I stated in my usual flippant way about a year ago that if Obama were elected I would consider it a sign of God’s judgment getting seriously underway. Yet I was more than half serious. The Bible is emphatic in saying He will not always strive with man—there is an end to the pathetic metaphysical rebellion of creatures who would overthrow their creator, and all the forms that rebellion takes. I don’t consider the United States or any political entity the new Israel, nor do I think we are his “chosen people” in any covenantal sense, though we certainly are blessed in many ways. Yet I’ve wondered at the timeframe of this Christian and now post-Christian era, as it stretches into two millennia since His ascension and promise to return. Every generation, beginning with the evangelists and apostles who themselves walked the earth with Christ, were looking for the end of days in their lifetimes, since the signs of the end of the age He gave have been plausibly ascribed to every previous generation. Certain it is that some generation will be the one which sees His coming—but all believers at all times were given to understand that it could be any day. The world has seen horrendous moral evil, social and cultural upheavals, economic and political catastrophes, disease and natural disasters that in many ways exceed anything we who are now living have seen. Frightening events have characterized every era, and believers have lived their lives fearing on the one hand the awful judgment preceding His return, and on the other looking forward to their vindication and His, when the Author and finisher of their faith puts paid to the works of evil in this world.
There are reasons to think we are declining into the days foretold of old, reasons no previous generation had—though we can see the whole of history, Anno Domine, as pitching toward the inevitable end.
The first is the nuclear technology slowly seeping out into the barbarian world for a decade or two —the second time will not be flood but fire, recall; the agents of proliferation have been busy putting it by the august and wise councils of the transnationalists in charge of ruling the world, and it is very near the time when an insane dictator or group of apocalyptic mullahs pulls the trigger and unwittingly fulfills the will of God in bringing to a fiery end wide swaths of humanity. It cannot escape notice that Israel is ground zero in most of these apocalyptic nightmare scenarios.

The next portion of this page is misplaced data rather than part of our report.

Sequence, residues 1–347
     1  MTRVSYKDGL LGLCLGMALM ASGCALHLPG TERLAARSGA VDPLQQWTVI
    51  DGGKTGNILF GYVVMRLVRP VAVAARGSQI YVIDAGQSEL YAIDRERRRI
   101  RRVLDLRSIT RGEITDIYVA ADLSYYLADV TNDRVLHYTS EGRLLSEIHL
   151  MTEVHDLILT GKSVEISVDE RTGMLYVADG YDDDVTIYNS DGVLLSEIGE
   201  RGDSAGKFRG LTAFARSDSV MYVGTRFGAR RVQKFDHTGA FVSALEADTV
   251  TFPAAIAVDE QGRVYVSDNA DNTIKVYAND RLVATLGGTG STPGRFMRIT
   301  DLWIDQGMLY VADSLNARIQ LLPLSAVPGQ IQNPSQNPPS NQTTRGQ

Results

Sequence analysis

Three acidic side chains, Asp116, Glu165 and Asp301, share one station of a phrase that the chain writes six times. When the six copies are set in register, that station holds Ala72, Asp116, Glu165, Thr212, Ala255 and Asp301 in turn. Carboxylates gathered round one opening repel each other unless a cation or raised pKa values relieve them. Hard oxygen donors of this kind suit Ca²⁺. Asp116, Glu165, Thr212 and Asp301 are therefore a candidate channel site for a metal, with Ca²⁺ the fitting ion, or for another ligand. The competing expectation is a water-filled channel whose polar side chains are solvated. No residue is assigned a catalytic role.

The second is the abandonment of Israel by the only nation who ever really acted as an ally—America. The Obama administration appears to be setting the predicate for a European approach to relations with Israel-i.e., throwing them to the wolves. Across Europe, throughout the U.N., and increasingly in the upper echelons of elite American institutions, anti-Semitism is once again in vogue, a sickening undercurrent becoming more brazen and open by the day. Another run at a “final solution” seems on tap for the very near future, if the Iranian mullahs have their way. I suspect many Europeans of the WWII era remained unrepentant of their feelings against Jews, even after the atrocities of the Nazis came to light. The hard hearts of today's hard Left would shed few tears over a nuked Israel—they brought it on themselves, after all, and aren’t we all better off without the Zionist entity?.
The third is the great turning away—“the hearts of most will grow cold”. The “post Christian” era finds the rise of a militant and evangelical atheism, along with an official and determined persecution of Christians unprecedented under a constitution that expressly prohibits it. The widespread and general rejection of God by those people who knew the Gospel is one of the signs of the end, and even though there have been many such periods before, this seems a much more knowing and final rejection, given the presumption of knowledge modernity and science have thrown down, and given the self referential and narcissistic self absorption of postmodern types .